Sunday, December 21, 2014

Is U.S.-NATO Preparing To Wage War On Russia?

Is U.S.-NATO Preparing To Wage War On Russia?

Is US-NATO Preparing to Wage War on Russia? The Wales NATO  Summit in September has set the stage.
Several military initiatives directed against the Russian Federation have been launched in the last few months including the conduct of war games in Eastern Europe, military training and the deployment of special forces in Ukraine. 
These military initiatives are led in coordination with media propaganda and a program of “economic terrorism” consisting of disruptive economic sanctions, the freeze of monetary and trade transactions,  the fraudulent manipulation of the oil and currency markets, etc.  The media campaign consists in presenting war as a humanitarian undertaking. 
The endgame is to weaken the Russian Federation, undermine its institutions, impoverish its population.
Meanwhile, the US Congress has passed enabling legislation which provides a de facto green light to president Obama to declare war on Russia.
Reports have also confirmed that Washington is contemplating “regime change” in the Russian Federation with a view to installing a more compliant government in the Kremlin. According to President Vladimir Putin: 

“We see the tragic consequences of the so-called color revolutions and ordeals survived by the peoples of the states that faced these irresponsible experiments of covert and sometimes even… overt interference into their lives…
This is a lesson and warning for us and we will do everything possible to prevent this from happening in Russia.” (quoted in Sputnik, November 20 2014)

Military threat combined with “economic warfare” are intended to create social and economic instability in the Russian Federation. Cyber warfare is also an instrument of intervention directed against an enemy’s communications systems.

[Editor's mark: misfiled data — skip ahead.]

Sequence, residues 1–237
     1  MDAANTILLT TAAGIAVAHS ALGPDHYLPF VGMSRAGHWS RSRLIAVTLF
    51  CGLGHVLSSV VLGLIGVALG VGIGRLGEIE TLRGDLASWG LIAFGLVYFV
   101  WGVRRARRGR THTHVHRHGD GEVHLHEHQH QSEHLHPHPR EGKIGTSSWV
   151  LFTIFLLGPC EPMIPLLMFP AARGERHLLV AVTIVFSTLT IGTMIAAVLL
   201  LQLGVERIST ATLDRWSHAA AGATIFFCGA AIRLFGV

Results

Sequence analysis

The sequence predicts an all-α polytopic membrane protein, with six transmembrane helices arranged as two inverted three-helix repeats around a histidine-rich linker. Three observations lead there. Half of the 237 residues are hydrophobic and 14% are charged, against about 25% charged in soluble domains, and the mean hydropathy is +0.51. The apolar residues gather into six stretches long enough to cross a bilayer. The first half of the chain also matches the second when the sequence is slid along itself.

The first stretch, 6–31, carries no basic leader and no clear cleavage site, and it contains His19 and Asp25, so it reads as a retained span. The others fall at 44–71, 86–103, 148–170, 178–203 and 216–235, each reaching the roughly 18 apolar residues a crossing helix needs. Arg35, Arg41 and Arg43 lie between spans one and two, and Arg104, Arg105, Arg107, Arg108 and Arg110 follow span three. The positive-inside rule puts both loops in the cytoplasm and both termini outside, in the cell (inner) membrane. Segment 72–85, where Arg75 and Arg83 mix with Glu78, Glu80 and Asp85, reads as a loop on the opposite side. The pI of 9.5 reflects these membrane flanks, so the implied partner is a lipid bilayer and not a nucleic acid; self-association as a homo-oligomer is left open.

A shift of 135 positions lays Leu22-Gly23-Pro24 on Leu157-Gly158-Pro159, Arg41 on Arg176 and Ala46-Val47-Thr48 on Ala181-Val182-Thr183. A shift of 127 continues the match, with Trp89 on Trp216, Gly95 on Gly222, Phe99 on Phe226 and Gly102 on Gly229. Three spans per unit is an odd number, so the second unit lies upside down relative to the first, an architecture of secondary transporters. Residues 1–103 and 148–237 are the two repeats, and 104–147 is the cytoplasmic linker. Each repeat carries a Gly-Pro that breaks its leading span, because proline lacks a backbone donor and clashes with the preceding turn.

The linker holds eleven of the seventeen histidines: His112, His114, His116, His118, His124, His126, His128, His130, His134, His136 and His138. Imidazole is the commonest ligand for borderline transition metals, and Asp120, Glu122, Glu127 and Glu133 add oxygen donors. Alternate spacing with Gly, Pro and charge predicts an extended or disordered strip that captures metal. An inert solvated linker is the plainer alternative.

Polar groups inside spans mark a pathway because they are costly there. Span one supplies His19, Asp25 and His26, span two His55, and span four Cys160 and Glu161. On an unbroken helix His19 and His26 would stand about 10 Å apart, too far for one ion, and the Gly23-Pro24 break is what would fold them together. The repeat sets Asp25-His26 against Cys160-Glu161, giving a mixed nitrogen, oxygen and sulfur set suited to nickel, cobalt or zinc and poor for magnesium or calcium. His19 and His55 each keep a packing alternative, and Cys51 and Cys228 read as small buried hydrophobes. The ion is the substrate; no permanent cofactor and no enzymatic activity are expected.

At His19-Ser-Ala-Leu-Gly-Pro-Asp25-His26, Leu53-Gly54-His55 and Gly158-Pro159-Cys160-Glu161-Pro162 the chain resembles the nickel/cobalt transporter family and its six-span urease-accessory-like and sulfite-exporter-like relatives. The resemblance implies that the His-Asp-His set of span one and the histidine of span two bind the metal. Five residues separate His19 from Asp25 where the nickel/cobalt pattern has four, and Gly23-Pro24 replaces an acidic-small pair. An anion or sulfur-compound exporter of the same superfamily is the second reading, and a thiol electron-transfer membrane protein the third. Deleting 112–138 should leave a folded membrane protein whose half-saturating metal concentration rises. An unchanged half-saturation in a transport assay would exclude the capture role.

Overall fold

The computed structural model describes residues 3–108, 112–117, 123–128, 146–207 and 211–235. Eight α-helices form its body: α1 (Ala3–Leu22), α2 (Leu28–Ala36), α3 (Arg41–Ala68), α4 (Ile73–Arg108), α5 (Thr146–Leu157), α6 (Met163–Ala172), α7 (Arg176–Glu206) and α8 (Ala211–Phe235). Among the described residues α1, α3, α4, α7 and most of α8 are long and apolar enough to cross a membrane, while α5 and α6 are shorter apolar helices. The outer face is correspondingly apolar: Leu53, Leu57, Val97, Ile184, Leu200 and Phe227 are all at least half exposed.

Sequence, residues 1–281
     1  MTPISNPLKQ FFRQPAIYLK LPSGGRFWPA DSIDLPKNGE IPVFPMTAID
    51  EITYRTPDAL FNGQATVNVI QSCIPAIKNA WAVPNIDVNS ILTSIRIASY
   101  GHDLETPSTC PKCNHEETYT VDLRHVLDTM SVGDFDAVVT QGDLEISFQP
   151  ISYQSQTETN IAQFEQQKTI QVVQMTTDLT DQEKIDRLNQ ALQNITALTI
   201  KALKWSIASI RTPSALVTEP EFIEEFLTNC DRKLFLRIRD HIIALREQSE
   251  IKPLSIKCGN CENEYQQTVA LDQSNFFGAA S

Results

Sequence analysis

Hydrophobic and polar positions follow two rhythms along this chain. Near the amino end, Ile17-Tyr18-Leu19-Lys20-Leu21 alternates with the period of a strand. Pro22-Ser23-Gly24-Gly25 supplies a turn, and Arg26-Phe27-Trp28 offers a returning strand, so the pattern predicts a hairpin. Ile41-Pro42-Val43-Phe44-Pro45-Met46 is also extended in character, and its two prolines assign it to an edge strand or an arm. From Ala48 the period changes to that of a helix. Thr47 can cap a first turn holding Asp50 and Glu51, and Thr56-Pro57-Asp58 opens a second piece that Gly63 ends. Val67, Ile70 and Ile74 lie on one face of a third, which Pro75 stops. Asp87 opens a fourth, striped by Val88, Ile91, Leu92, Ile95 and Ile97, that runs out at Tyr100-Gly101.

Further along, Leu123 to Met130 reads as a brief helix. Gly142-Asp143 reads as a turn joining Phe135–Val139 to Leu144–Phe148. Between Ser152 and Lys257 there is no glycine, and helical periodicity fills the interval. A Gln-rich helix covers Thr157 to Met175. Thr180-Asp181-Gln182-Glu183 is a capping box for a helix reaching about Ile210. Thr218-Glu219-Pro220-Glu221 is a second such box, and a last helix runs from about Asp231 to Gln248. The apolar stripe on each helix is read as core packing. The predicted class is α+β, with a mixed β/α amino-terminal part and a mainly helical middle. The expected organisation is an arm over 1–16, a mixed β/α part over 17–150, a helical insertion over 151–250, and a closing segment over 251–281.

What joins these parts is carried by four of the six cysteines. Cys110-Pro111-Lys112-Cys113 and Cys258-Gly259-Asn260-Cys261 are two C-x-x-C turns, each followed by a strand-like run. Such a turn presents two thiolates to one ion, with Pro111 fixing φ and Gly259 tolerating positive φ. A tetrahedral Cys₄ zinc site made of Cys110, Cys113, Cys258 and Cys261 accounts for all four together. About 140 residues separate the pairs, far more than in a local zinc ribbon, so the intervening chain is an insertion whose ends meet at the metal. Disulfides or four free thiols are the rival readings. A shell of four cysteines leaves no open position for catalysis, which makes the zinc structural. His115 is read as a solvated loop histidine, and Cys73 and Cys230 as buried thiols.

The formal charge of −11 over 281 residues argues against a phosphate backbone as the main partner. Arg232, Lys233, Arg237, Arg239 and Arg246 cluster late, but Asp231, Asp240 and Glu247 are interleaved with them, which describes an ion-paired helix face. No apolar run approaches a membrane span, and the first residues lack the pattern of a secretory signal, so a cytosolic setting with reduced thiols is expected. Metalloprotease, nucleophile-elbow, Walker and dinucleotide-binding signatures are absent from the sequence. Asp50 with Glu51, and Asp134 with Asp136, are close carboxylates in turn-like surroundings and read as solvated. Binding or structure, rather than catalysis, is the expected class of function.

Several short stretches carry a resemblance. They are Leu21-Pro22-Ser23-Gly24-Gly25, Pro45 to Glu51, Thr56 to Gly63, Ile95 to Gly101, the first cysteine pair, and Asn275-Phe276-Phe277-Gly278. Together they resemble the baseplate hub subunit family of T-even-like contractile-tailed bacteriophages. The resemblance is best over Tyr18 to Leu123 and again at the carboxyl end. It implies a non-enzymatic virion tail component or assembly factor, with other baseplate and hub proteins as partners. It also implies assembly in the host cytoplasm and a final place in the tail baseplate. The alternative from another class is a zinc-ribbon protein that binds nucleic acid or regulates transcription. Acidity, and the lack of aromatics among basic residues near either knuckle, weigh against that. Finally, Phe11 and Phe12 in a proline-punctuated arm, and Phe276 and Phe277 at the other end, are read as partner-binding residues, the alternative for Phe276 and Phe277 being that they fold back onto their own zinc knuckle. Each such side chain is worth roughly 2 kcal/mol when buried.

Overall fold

The US-NATO military exercises conducted in recent months in Eastern Europe and the Baltic States were explicitly directed against Russia. According to Moscow, they consisted in “increasing operation readiness” as well the transfer of NATO “military infrastructure to the Russian borders”.
In mid-December, General James Stavridis, former commander of Nato in Europe called upon the Atlantic Alliance to”send arms and military advisers to Ukraine to help it fight Moscow-backed separatists.”

 “I think we should provide significant military assistance to the Ukrainian military. I don’t think we should limit ourselves to, non-lethal aid. I think we should provide ammunition, fuel, logistics. I think cyber-assistance would be very significant and helpful, as well as advice and potentially advisers.
“I don’t think there needs to be huge numbers of Nato troops on the ground. The Ukrainian military can resist what’s happening, but they need some assistance in order to do that.” (quoted in the Guardian, December 14, 2014)

And on December 18th, President Barack Obama signed the Ukraine Freedom Support Act which allocates up to $350 million in military aid to Ukraine in support of its military campaign in Donbass.
In addition to the granting of military aid, the US military is directly involved in the process of military planning in close coordination with Ukraine’s Ministry Defense.
While US involvement is officially limited to training, the sending in of special forces and support to Ukraine’s National Guard, mercenaries and private security operatives on contract the Pentagon and NATO have also been deployed within the ranks of the Ukraine military and National Guard in the Donbass region of eastern Ukraine.

In late November, the US State Department confirmed that it “will continue to send special teams to Ukraine to provide security assistance”, namely advising and military training.